California v. Acevedo (1991)

Topic: Search & Seizure

In a search extending only to a container within a vehicle, the police may search the container without a warrant when they have probable cause to believe that it holds contraband or evidence.

Carnival Cruise Lines, Inc. v. Shute (1991)

Topic: Lawsuits & Legal Procedures

A non-negotiated forum clause in a passage contract may be enforceable even though it is not the subject of bargaining, although it is subject to judicial scrutiny for fundamental fairness.

Commissioner v. Indianapolis Power & Light Co. (1990)

Topic: Taxes

When a utility company required customers with suspect credit to make deposits with it to assure prompt payment of future electric bills, the deposits were not advance payments for electricity and were not taxable income to the utility company upon receipt. The company did not have the requisite complete dominion over them when they were made, which is the crucial point for determining taxable income.

Allegheny County v. ACLU (1989)

Topic: Religion

A creche display violated the Establishment Clause when the creche angel's words endorsed a patently Christian message, and nothing in the creche's setting detracted from that message.

Mistretta v. U.S. (1989)

Topic: Separation of Powers; Government Agencies

Congress did not violate the separation of powers principle by placing the U.S. Sentencing Commission in the judicial branch, requiring federal judges to serve on the Commission and to share their authority with non-judges, or empowering the President to appoint Commission members and to remove them for cause.

Illinois v. Krull (1987)

Topic: Search & Seizure

The Fourth Amendment exclusionary rule does not apply to evidence obtained by police who acted in objectively reasonable reliance on a statute authorizing warrantless administrative searches, which is subsequently found to violate the Fourth Amendment.

Commissioner v. Groetzinger (1987)

Topic: Taxes

To be engaged in a trade or business, the taxpayer must be involved in the activity with continuity and regularity, and the taxpayer's primary purpose for engaging in the activity must be for income or profit. A sporadic activity, a hobby, or an amusement diversion does not qualify.

Maine v. Taylor (1986)

Topic: Powers of Congress

If a state does not needlessly obstruct interstate trade or attempt to place itself in a position of economic isolation, it retains broad regulatory authority to protect the health and safety of its citizens and the integrity of its natural resources.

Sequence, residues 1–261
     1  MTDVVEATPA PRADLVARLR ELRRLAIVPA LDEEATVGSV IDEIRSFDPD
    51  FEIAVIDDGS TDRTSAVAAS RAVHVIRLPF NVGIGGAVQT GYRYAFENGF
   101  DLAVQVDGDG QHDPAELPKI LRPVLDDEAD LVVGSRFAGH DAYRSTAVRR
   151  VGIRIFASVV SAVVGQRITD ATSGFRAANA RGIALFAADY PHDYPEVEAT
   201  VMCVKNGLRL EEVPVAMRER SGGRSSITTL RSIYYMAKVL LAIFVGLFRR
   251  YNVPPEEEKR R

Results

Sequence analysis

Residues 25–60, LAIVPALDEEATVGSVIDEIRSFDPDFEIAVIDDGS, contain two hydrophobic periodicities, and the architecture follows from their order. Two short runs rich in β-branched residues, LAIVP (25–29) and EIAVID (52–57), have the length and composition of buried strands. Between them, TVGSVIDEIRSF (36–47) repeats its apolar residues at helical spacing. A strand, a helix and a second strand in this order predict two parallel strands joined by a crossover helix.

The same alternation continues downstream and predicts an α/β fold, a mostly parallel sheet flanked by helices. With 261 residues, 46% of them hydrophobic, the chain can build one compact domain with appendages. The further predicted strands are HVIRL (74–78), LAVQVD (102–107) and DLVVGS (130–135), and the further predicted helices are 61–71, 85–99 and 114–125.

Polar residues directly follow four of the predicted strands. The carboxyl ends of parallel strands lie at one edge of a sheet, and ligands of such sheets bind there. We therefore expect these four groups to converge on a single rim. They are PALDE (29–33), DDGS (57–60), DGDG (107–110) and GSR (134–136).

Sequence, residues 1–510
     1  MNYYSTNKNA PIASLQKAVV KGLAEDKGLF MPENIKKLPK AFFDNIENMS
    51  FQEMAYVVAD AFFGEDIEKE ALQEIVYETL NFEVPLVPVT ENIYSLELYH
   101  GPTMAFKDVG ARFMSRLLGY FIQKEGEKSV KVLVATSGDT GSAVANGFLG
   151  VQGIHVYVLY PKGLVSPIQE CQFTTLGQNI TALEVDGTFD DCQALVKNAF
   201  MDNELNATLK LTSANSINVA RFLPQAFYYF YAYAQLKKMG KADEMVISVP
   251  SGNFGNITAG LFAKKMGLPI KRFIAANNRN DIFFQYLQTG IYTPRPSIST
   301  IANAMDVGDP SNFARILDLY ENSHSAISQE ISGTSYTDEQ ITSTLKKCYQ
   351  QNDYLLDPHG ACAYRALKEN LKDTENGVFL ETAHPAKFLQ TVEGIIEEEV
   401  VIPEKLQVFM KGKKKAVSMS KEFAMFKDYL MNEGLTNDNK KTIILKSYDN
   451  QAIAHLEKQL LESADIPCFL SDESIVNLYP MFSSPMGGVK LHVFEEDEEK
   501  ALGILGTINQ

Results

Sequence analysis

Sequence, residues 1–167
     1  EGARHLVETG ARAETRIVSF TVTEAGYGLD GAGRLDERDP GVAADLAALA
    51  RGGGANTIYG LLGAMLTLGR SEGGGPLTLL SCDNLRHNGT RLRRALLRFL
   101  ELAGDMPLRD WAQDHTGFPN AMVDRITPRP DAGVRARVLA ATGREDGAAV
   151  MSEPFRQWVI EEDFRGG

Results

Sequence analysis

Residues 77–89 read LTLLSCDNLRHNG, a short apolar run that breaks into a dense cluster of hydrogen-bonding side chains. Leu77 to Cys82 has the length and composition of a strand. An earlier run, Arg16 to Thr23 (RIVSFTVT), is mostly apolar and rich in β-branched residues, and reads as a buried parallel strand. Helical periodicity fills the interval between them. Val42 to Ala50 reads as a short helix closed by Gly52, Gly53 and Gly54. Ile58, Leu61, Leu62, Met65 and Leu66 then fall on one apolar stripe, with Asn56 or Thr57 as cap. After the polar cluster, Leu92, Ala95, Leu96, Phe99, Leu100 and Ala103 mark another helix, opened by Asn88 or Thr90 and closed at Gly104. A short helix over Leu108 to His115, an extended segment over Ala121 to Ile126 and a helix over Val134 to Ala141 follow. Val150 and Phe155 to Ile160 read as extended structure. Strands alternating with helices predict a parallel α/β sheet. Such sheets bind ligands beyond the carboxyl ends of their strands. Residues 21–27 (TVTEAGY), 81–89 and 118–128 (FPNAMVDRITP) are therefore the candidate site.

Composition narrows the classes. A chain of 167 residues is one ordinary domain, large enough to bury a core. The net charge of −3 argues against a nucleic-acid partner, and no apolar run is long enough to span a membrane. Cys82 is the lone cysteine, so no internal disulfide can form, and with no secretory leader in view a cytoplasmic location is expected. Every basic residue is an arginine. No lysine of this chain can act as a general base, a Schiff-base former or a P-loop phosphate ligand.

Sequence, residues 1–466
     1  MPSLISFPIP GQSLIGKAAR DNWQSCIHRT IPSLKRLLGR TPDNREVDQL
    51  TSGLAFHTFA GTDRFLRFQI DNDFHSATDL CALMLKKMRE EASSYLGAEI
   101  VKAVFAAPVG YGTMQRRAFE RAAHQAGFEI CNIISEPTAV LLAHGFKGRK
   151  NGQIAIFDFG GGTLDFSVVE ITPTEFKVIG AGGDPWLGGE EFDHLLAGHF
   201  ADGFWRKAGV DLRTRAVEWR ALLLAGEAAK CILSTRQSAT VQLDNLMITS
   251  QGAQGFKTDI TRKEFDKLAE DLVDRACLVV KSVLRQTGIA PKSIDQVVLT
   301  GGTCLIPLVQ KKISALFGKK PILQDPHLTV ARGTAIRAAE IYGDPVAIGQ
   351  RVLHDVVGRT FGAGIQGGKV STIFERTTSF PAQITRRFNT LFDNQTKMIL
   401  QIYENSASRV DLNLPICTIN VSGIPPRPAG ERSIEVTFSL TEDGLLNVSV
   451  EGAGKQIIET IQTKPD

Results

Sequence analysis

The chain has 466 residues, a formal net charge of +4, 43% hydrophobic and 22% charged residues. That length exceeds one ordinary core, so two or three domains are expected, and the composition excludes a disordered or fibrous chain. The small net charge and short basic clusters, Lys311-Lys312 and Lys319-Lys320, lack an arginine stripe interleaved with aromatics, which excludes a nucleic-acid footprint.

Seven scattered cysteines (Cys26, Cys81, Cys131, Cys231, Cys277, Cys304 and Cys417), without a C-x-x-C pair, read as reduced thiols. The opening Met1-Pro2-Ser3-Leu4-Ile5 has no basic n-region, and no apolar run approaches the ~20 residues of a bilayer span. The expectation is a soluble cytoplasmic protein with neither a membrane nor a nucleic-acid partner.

U.S. v. Hughes Properties, Inc. (1986)

Topic: Taxes

The “all events” test requires that before an expense can be regarded as “incurred” for federal income tax purposes, a liability must be fixed and absolute. Identification of the payee may be irrelevant if the obligation to pay exists. The event creating liability is the event that fixes the amount irrevocably.

Garcia v. San Antonio Metropolitan Transit Authority (1985)

Topic: Powers of Congress

The states' continued role in the federal system is primarily guaranteed not by any externally imposed limits on the commerce power, but by the structure of the federal government itself.

Helicopteros Nacionales v. Hall (1984)

Topic: Lawsuits & Legal Procedures

Mere purchases, even if occurring at regular intervals, are not enough to warrant a state's assertion of personal jurisdiction over a non-resident corporation in a cause of action not related to the purchases.

Shaw v. Delta Air Lines, Inc. (1983)

Topic: Labor & Employment

A law relates to an employee benefit plan for ERISA purposes if it has a connection with or reference to such a plan.

Commissioner v. Tufts (1983)

Topic: Taxes

When a taxpayer sells or disposes of property encumbered by a non-recourse obligation exceeding the fair market value of the property sold, they may be required to include in the “amount realized” the outstanding amount of the obligation. The fair market value of the property is irrelevant to this calculation.

Reeves, Inc. v. Stake (1980)

Topic: Powers of Congress

Nothing in the purposes animating the Commerce Clause prohibits a state, in the absence of congressional action, from participating in the market and exercising the right to favor its own citizens over others.

Lewis v. U.S. (1980)

Topic: Gun Rights

Congress could rationally conclude that any felony conviction, even an allegedly invalid conviction, is a sufficient basis on which to prohibit the possession of a firearm.